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I felt my blood pressure rise…

When a Donor Says Something Offensive

One of my wealthiest donors had just complained to me about the people we serve. Don had stopped by to drop off a check. As he walked into my office, he was shaking his head.

“I don’t understand why ’these people’ are so lazy. Every time I come here, I see people just sitting around. If they had some get-up-and-go, they’d get jobs.”

Don and many of his wealthy peers believe that poor people are lazy and that’s why they are poor. Conversely, they believe that they’ve earned their success.

I find it hard to handle situations like this, though I think they are quite common.

You don’t want to get angry and tell the donor flat out that they’re wrong. But you also don’t want to let the offensive comment go by without addressing it.

Use Feel-Felt-Found When Someone Offends You

Years ago, my colleague Michael Miller, from whom I learned a ton, taught me a valuable approach called Feel, Felt, Found. At the time, I wasn’t so sure. It seemed manipulative at best and downright dishonest at worst. But I’ve come to see it as a constructive and valuable approach.

The idea of Feel-Felt-Found is to find common ground with the person you don’t agree with and then turn it into a learning opportunity.

How to use Feel-Felt-Found

Here’s my version of how this approach works:

  1. Feel:  State that you can imagine (or understand) how the person FEELS.
  2. Felt:  State that you have FELT something similar.
  3. Found:  Then describe what you have FOUND that shifted your viewpoint.

Going back to my story about Don, I might have said something like this:

Feel:  You know, Don, I can imagine how you FEEL.

Felt:  Sometimes when I’ve seen people just hanging out, doing nothing, I’ve FELT that way too and wondered why they don’t do something constructive.

Found:  But, after I started working here, I FOUND that my assumptions were all wrong. Most of the people you see sitting here work two or three jobs and when they come back, they’re plum tired. They’re not lazy — they’re exhausted. And sometimes, they’re also discouraged.

Gradually, I’ve gotten to know many of their stories and I’ve learned how hard they work to overcome the obstacles they face.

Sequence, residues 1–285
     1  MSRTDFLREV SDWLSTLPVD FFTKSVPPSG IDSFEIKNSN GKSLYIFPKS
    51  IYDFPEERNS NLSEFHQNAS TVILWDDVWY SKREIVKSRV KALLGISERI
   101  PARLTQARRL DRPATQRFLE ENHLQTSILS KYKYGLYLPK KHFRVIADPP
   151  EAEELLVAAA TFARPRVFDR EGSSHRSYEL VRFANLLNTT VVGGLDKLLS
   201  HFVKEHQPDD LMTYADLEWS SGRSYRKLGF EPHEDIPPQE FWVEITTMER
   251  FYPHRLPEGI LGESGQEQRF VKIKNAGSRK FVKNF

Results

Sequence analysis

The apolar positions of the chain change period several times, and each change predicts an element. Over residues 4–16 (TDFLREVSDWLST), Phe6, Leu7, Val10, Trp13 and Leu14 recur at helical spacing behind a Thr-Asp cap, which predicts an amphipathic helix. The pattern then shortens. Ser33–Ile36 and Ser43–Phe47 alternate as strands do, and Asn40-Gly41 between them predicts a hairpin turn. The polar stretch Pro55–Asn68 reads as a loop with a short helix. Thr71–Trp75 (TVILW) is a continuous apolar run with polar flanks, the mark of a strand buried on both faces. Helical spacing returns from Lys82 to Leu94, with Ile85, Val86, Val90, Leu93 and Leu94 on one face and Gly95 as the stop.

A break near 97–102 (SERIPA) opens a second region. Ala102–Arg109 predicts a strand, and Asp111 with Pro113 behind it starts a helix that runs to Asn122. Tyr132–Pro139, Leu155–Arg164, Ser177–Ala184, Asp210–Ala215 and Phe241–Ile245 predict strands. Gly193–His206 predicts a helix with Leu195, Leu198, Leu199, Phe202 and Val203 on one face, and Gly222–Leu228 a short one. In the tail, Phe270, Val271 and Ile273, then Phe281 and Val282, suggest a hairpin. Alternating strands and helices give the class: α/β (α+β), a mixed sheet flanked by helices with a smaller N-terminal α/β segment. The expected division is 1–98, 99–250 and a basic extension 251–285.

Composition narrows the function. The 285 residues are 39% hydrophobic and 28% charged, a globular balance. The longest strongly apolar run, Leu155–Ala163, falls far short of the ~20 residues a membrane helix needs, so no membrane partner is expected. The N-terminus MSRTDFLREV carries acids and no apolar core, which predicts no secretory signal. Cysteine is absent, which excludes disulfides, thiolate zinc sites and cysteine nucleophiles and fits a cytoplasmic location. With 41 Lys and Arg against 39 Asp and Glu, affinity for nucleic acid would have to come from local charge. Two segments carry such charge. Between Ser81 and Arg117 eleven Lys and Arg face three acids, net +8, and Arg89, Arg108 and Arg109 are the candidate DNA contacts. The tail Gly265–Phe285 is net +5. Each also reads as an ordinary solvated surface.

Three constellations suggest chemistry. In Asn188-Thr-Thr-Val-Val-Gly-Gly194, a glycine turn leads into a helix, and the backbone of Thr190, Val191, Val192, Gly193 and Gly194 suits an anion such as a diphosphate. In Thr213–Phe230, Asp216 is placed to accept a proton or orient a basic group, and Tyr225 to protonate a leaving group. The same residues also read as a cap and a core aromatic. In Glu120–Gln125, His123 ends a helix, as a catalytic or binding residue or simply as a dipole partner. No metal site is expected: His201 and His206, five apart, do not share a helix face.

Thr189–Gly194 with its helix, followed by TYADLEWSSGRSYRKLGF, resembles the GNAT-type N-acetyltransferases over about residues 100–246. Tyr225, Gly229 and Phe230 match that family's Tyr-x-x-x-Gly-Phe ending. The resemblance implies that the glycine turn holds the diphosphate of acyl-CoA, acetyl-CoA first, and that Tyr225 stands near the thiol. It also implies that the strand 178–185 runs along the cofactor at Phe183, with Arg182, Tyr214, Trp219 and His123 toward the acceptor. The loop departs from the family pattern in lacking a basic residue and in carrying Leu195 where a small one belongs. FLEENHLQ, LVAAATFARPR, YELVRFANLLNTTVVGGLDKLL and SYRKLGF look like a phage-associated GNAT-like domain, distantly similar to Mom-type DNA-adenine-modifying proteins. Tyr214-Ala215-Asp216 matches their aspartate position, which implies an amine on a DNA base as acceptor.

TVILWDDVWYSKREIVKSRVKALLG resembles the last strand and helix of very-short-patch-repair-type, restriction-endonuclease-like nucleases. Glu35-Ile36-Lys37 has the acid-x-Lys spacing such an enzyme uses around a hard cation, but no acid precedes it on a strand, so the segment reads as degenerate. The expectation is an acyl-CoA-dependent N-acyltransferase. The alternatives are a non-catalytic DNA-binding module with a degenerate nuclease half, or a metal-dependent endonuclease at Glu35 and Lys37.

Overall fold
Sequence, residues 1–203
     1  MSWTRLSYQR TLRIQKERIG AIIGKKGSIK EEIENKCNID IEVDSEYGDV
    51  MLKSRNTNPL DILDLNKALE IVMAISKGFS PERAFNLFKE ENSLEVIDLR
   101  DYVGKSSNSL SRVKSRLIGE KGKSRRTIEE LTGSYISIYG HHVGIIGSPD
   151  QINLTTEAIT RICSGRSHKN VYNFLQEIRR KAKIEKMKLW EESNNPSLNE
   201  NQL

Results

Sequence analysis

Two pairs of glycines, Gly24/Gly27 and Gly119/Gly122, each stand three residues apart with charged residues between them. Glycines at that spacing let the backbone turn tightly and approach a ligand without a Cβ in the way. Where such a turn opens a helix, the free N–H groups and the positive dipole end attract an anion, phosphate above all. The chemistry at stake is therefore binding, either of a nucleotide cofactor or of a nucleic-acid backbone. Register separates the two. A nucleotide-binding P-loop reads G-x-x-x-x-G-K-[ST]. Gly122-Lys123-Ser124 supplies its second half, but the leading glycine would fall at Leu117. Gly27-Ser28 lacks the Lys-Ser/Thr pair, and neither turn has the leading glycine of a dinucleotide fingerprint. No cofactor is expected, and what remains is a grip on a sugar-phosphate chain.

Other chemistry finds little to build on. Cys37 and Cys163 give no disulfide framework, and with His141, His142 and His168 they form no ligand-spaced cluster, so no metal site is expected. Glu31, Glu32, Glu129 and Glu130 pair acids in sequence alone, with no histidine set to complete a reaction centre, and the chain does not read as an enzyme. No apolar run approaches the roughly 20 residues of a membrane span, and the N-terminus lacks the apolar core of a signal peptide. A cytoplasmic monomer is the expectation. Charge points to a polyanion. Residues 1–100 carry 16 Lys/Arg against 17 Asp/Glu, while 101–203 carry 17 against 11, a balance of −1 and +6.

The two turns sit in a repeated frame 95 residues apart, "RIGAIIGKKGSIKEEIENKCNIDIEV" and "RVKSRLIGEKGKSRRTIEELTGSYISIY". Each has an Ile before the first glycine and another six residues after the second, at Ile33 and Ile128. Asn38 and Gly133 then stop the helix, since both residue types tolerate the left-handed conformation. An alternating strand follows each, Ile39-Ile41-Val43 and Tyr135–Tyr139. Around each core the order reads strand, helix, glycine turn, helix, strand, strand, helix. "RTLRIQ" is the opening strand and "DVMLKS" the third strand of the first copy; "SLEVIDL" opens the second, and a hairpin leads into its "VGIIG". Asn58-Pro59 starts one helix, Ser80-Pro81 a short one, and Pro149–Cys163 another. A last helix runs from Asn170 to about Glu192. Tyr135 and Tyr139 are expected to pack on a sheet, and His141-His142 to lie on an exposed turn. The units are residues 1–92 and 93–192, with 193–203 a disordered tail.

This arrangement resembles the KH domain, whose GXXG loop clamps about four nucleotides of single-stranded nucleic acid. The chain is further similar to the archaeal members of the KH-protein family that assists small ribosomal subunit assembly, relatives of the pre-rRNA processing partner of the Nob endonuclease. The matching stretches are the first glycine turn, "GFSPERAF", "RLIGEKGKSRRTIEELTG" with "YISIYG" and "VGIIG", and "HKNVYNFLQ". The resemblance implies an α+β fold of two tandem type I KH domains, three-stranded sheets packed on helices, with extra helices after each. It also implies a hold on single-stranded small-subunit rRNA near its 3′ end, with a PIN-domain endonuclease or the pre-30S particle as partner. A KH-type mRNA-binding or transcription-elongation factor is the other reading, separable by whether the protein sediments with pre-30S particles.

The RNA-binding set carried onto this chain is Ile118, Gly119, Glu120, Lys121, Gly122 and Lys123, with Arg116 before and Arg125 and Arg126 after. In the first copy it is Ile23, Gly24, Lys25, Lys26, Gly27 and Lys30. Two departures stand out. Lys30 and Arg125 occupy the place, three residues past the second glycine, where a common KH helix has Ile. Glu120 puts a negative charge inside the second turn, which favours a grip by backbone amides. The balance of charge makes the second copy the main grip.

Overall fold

I wonder, Don, if I might introduce you to [Sally] and ask her to tell you a bit about her life so you can better understand the complicated situations she’s facing and the amazing things she’s doing to change her life.

I made up that example, though it’s not far from conversations I’ve experienced.

You can see how this approach might be effective. It’s certainly more effective than just telling Dan he’s wrong. Making someone wrong seldom works very well.

Finding Common Ground: The Key to Feel-Felt-Found

To use the Feel-Felt-Found approach, you must find real common ground. And I’ve discovered, to my surprise, that I often have common ground with people whose views differ greatly from my own.

With a little bit of thinking, I really can imagine how someone else feels and I can point to a time when I might have felt something similar.

A personal example of Feel-Felt-Found

Let me give you one more example — this is one I face frequently.

I live in a poor part of New York City. My neighborhood probably isn’t what you might imagine as you think about me. There’s litter on the street and many more people with dark skin than people who look like me. And yes, there is a higher incidence of crime than in most suburban neighborhoods.

Sometimes, people tell me in one way or another that they are afraid to come to my neighborhood. My response is this:

I understand how you feel. When we first came up here, I felt that way too. But I’ve found that if I’m friendly and greet people here, they are friendly too.

In fact, over the years I’ve lived here, I’ve developed a wonderful sense of community with people of all sorts. It makes me happy to live here.

Give it a Try, and More

Try out this approach when you talk with donors or others whose views are different from your own. Let me know what you learn in the comments below.

Amy and I recently talked about this subject on one of our recent All About Capital Campaigns podcast episodes.

Lastly, if you’re looking for more ways to better connect with donors (and who isn’t), we recently did another great podcast you’ll enjoy. Find out why you should never use a script when communicating with donors, and a better alternative for donor conversations.

4 Comments

  1. Maura Byrnes

    Thank you for this! My mother is a psychotherapist and this is how she speaks when we differ in our opinions. While I did not learn this method of speaking from her, your words resonated, so I’m grateful for this post. I think this method of connecting and diverging could be invaluable at most people’s Thanksgiving tables, let alone work conference tables.

    Reply
  2. Laresa Griffin

    Oh my, Andrea – this is good! I’m going to use this today. Seriously, something like this situation happens almost every day, and I have not found the best way to approach it or the most helpful way to react. Thank you for this article!

    Reply
  3. Andy Robinson

    Good stuff, Andrea. And yes — your neighborhood is challenging AND amazing.

    Reply
  4. Lorraine Fraser

    Thank you, Andrea – whilst I don’t have the same scenarios as you have outlined – I will certainly use your approach

    Reply

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